Don’t Cook Your Grilled Cheese In Mayonnaise

Don’t Cook Your Grilled Cheese In Mayonnaise
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I love mayonnaise. It makes mashed potatoes more creamy, it sears a great steak, and it’s an essential part of almost every sandwich. But one application that I cannot get behind is slathering it on the outside of a grilled cheese sandwich. It does not taste that good.

I want to like it. In theory, it makes sense, and I want to believe that mayo is some sort of miracle condiment that makes everything it touches better. Mayo’s higher smoke point gives the cheese more time to melt (which I have never needed), and it does crisp up nicely, but it just doesn’t taste like a grilled cheese. Melted butter tastes good. Melted mayonnaise tastes like greasy nothing. Give me butter. Give me flavour.

Mayonnaise, when used as a frying medium, is very neutral. It’s slightly sweet and subtly tangy, but almost all of that disappears in the pan. Butter hangs in there, its flavour growing nuttier as it browns. Slather your sandwich with too much mayo, and it will taste bland and feel greasy. Slather your sandwich with too much butter? There is simply no such thing. I’ve also never found that mayo renders a sandwich much crispier than butter does, as butter browns and crisps quite wonderfully. (It is literally known for browning.)

If you’re having issues with your bread burning before your cheese melts, turn your damn burner down—medium or lower to start—and consider that you might be choosing the wrong cheese. Not all cheese is meant to be consumed in the same way. Just as you wouldn’t eat a slice of room-temp American cheese, you shouldn’t melt a really good sharp cheddar. (I actually don’t believe that there are people who genuinely prefer a melted sharp cheddar to melted American cheese, as melting a good sharp cheddar is just about the most disrespectful thing you can do to it.)

Hard, crumbly cheeses are subpar melters to begin with—the pH is too damn low—and they start to congeal the moment you get them out of the pan. I am personally a big fan of American cheese—it is engineered to melt—but young, soft cheese like smoked Gouda, deli provolone, brick cheese, mozzarella, and any of the jacks (Colby and pepper) all melt with ease. Heck, you can even get some raclette if you are a person of taste, but insisting on using an aged, hard cheese is just setting yourself up for failure.

Conversely, if you are a fan of a classic, American-cheese grilled cheese (the best grilled cheese), using mayo will ruin your day, or at least make it slightly less pleasant. Every time I have made a grilled cheese with mayo—and I do so about once a year to make sure I’m not missing something—my cheese melts well before the bread is crisped, leaving me with a soft, kind of greasy grilled cheese.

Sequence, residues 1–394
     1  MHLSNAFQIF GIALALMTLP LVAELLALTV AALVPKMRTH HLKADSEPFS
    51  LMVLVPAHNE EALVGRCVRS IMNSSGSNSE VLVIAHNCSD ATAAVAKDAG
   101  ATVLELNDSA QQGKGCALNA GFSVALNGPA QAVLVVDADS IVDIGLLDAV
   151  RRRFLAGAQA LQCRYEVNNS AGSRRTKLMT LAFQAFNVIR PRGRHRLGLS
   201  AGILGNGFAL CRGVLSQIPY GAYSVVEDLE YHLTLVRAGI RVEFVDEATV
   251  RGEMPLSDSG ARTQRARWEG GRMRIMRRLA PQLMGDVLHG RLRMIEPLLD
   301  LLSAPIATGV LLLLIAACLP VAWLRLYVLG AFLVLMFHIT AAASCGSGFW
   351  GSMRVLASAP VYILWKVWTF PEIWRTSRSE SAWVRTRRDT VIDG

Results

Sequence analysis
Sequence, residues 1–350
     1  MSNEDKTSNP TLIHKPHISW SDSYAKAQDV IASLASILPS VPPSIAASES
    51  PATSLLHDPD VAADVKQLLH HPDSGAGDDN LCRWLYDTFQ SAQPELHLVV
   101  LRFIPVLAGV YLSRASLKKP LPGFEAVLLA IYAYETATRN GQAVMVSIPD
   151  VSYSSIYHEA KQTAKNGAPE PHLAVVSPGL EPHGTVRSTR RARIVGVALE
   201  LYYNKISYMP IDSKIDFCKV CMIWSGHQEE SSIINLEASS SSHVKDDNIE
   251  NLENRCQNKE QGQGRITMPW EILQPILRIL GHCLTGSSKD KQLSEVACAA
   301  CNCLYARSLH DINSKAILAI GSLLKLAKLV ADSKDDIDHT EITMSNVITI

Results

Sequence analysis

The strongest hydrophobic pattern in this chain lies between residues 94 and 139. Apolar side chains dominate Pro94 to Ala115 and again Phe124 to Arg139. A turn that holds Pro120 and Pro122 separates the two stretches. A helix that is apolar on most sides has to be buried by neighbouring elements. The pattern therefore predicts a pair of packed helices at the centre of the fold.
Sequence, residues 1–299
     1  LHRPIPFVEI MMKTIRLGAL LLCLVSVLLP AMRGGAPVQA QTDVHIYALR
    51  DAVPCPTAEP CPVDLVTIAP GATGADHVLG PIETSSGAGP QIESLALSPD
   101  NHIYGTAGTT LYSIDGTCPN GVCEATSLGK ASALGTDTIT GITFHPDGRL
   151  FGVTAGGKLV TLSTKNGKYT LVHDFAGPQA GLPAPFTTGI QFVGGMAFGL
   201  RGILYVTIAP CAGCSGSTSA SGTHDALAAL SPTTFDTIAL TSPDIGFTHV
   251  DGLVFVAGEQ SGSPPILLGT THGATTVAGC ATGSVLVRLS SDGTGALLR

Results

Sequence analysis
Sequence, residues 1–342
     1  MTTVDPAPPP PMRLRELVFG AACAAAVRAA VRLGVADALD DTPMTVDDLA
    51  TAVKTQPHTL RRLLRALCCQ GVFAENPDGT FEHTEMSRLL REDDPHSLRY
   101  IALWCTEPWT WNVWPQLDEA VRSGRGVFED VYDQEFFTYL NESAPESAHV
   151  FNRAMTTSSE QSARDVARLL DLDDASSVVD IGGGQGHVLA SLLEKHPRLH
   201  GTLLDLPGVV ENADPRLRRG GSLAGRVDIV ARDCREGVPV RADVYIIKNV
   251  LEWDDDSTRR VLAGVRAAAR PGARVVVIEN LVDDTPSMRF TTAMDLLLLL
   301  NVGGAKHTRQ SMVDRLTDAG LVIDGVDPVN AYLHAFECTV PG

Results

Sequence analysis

Mayo’s one, seemingly clear advantage is that it’s ready to spread the moment you pull it out of the fridge, but this is only an advantage if you live in a house that refrigerates all of its butter at all times. (Why are you doing this?) And even if that is the case, and all your butter is cold and unspreadable, there’s a very easy way to butter your bread with straight-from-the-fridge butter: Just melt it in the pan first.

This is actually how my stepmom butters all her breads, but it works extremely well with a grilled cheese. Take a tablespoon or so of butter, melt it over medium-low heat, then place a piece of bread in the pool of butter and swirl it around to coat. Remove it from the pan, set it aside (butter side up), and add a little more butter to the pan before adding your next piece of bread. Swirl that piece around in melted butter, add your cheese slices, then place the first buttered slice (butter side up) on top of the cheese. Cover the pan for a minute to help any harder cheeses melt (if you have insisted on using them), and fry and flip until both sides are golden brown.

Are there exceptions to my no-mayo-ever grilled cheese rule? Only one, and that is if you are cooking your grilled cheese on an actual grill, like Meathead Goldwyn does, as the charred, grilled flavour is going to be the dominant flavour anyway, and mayo is just a neater, less drippy, more grill-friendly option. But for a simple, pan-fried sandwich made with nothing more than bread and cheese? It’s gotta be butter, babies. It’s just gotta be.

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